Learning how to grocery shop
The Not-So-Starving Student
by Rebecca Reichl
Buying Grocery Store Specials
Grocery Shopping On Your Own
Brand vs. Generic
There's something about that first solo, totally independent grocery trip that sends a little shiver of excitement up your spine. So many possibilities, so little time! The problem is, whether your menu revolves around cereal, boxed mac 'n cheese, or organic granola bars, it's way too easy to spend your entire month's food money on a week's worth of groceries, leaving you staring at your calendar imagining weeks of hunger ahead. Before resigning yourself to a dismal life of bread and water, take some preemptive action and prepare for a life of gastronomic satisfaction.
The absolute first thing you need to do is make a budget. Before you start reveling in your newfound cuisine freedom, figure out how much you can spend on groceries weekly. What you can afford unavoidably decides what you can buy. Set a dollar amount and plan on sticking to it. Banish the temptation to justify overspending. After all, food is a necessity, right? Try to set a reasonable limit, but know that it will take some trial-and-error to figure out exactly what your needs are and make a strategy.
Next, sit down and make a plan. I know, I know. With after school schedules, work schedules and social schedules, the last thing you want is another "to do" list. Don't worry. You'll only need to do this a couple of times. Before you know it, you'll have grocery skills to put your mom to shame. So sit down and map out a menu for the week. It doesn't have to be fancy; look at your day-to-day lifestyle and plan accordingly. If you pack a sandwich every Wednesday or like to cook a gourmet meal every Saturday, write it down. Try to map out a solid week's schedule you can use to determine your needs and make a list. Most importantly, don't use "I might change my mind" as an excuse not to plan at all. Freedom is one of the beautiful things about life on your own, and no list should get in the way of that! A moderately flexible framework, however, can spare you both checkout surprises and hungry nights.
Don't forget that you actually have to eat this stuff. It's a common temptation to be over-inspired in healthy eating, or underestimate just how much food you actually need to get through the week. You blaze into the grocery store, emerging triumphantly with a month's supply of raw veggies and bran cereal or seven cans of SpaghettiOs and a loaf of bread. It's important to buy food you actually want to eat, because it will all be wasted when you retreat in despair to McDonalds because you can't take one more veggie wrap or you're just plain starving.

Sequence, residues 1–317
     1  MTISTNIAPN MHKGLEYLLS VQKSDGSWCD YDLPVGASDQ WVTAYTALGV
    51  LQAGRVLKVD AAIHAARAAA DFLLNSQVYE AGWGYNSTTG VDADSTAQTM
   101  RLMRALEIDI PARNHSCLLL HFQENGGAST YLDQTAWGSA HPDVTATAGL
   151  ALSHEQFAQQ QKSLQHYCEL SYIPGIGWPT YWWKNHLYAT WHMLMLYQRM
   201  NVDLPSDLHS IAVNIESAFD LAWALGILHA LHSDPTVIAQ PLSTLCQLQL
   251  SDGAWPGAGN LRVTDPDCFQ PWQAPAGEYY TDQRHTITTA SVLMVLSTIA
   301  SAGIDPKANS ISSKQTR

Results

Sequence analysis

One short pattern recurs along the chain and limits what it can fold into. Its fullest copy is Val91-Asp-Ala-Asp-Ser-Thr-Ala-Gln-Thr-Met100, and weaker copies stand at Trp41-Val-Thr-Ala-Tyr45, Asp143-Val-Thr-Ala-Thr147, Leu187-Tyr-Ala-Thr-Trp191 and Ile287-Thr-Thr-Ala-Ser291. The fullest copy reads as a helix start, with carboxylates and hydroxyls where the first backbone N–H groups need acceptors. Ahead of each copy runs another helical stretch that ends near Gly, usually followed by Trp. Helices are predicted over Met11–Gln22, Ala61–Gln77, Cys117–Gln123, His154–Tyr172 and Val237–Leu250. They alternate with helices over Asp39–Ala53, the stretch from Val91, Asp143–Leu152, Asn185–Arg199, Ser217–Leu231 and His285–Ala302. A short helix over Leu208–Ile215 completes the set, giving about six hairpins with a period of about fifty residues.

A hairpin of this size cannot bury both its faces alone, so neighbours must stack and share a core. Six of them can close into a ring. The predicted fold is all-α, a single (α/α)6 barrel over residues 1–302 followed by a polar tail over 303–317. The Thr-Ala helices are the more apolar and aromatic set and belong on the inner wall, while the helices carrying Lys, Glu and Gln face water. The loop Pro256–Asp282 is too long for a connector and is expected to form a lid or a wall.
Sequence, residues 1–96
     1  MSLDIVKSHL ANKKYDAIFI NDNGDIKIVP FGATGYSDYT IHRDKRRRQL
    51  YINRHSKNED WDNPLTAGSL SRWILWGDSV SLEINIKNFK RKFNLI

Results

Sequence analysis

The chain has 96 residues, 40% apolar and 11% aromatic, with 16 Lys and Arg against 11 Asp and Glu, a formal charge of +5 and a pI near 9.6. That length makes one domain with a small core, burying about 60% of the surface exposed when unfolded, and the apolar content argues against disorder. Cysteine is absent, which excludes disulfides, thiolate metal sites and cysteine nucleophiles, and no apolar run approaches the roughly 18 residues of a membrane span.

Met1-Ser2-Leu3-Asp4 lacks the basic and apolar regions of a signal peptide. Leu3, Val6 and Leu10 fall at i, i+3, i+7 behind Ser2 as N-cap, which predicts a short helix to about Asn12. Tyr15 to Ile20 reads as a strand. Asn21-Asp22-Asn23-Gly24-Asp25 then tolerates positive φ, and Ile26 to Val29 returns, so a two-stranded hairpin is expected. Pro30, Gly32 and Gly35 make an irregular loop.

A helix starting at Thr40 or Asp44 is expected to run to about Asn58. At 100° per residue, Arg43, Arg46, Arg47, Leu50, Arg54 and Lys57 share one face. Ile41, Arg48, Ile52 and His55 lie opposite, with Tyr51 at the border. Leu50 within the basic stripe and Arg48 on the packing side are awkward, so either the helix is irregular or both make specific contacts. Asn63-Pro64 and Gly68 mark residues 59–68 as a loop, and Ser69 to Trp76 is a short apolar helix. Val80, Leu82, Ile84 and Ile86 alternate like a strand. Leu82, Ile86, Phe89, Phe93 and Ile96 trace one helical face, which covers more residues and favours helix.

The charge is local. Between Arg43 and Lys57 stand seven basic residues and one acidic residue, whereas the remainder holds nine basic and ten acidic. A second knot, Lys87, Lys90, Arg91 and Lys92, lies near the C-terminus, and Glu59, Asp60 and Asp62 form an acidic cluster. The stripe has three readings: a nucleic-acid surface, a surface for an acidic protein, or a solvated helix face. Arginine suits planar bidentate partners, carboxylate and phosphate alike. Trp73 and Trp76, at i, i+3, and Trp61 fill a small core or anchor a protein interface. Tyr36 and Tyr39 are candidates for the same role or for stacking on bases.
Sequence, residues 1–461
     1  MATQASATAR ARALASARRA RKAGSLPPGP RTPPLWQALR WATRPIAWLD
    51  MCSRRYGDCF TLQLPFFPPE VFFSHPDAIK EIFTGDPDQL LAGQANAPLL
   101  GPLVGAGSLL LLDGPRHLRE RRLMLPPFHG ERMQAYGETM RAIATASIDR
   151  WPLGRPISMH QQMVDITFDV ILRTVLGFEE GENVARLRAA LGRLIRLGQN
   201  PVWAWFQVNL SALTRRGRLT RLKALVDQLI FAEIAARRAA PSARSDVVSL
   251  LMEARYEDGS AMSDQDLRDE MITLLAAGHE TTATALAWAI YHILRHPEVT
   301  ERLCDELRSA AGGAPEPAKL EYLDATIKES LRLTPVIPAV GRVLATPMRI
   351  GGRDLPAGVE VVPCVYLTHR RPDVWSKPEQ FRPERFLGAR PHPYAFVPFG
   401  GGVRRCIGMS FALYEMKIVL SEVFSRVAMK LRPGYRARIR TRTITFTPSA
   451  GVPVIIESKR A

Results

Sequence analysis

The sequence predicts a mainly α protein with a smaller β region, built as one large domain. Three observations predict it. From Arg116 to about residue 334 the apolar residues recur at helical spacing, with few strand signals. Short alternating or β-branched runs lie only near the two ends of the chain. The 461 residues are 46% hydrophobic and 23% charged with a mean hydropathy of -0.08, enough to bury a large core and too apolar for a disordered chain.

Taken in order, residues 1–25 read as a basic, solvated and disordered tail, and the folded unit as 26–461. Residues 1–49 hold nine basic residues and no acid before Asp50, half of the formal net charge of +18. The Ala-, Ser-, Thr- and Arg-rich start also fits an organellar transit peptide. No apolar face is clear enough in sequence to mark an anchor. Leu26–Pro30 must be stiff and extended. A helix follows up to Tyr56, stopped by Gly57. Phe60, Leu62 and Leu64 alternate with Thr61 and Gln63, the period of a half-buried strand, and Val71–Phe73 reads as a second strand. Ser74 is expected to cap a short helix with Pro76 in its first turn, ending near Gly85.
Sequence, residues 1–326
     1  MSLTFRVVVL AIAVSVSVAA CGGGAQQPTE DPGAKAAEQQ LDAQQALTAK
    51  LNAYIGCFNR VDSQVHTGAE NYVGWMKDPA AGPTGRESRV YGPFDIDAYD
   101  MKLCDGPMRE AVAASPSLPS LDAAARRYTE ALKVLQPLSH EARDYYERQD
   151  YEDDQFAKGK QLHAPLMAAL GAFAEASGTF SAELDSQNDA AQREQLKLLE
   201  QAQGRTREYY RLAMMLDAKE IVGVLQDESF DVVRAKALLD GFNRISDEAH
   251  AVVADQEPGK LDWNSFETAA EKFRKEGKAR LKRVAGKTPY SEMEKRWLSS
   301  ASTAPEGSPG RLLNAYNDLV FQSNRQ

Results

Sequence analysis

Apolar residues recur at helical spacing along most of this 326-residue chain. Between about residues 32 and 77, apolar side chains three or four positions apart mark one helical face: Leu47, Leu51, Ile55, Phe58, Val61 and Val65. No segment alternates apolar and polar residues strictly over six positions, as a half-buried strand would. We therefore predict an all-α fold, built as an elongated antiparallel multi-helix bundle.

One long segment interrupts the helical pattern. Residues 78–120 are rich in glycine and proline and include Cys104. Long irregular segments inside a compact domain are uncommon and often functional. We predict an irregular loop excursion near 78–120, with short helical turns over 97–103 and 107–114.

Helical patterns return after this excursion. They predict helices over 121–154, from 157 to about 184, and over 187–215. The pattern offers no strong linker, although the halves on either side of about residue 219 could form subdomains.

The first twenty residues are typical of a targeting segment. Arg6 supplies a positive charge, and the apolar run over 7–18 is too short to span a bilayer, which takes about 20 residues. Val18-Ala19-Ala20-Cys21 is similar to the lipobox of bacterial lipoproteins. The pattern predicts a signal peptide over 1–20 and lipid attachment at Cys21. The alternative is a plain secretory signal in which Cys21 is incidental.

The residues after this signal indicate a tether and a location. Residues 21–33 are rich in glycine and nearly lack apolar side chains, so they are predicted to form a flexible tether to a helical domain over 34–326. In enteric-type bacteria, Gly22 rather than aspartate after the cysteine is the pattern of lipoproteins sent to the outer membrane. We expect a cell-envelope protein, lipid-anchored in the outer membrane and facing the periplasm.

Don't worry. This doesn't mean filling your basket with kiddy-sized portions. The fact is that the more frequently you are in the grocery store, the more money you'll spend. You run in to pick up a gallon of milk, and the next thing you know you're checking out with a carton of cereal, a box of cookies, and the magazine with your favorite celeb on the cover. Planning ahead for a week or two will keep you out of the grocery store and your money in your pocket.
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Basic staples such as pasta and rice go a long way for a little bit of money. Throw some vegetables in with last night's pasta noodles and you have lunch on-the-go; vary up your rice with a little salad dressing or some soy sauce. These kinds of foods fill you up and give you the chance for a little creativity.
No matter how small your food budget, it's always a good idea to leave a little wiggle room for some "happy" food. Let's face it, sometimes you just have to have something sweet, or something salty, or something whatever, and if it's not in your cabinet, you will go elsewhere to find it. Think about it this way: a half-gallon tub of ice cream from the grocery store costs about the same as an ice cream cone at the local ice cream parlor. Buy it on sale, and you'll have a couple weeks' worth of desserts, not just one night's. Just beware the urge to sit down and eat the carton in one sitting!
Plan for Social Expenses
It is inevitable that when you have guests over to celebrate your newly established domain that they will empty your cabinets, destroying the most carefully planned budget. Five hungry friends can speedily consume a week's worth of groceries. When a party-food occasion comes along, it's often a good idea to use your entertainment budget, not your regular grocery money.
Eating well doesn't have to mean poverty, and a low budget doesn't have to lead to starvation! With a little care, you can have both a well-stocked pantry and money in your pocket.
Take the Next Step
- The first thing you need to do is make a budget. Figure out how much you can spend on groceries weekly. Set a dollar amount and stick to it.
- Get cash back on the groceries you buy. Checkout 51 can show you how!
- Continue to look for new ways to trim food costs. Visit our food & groceries section each week to get tips for keeping more of your hard-earned dollars in your pocket.
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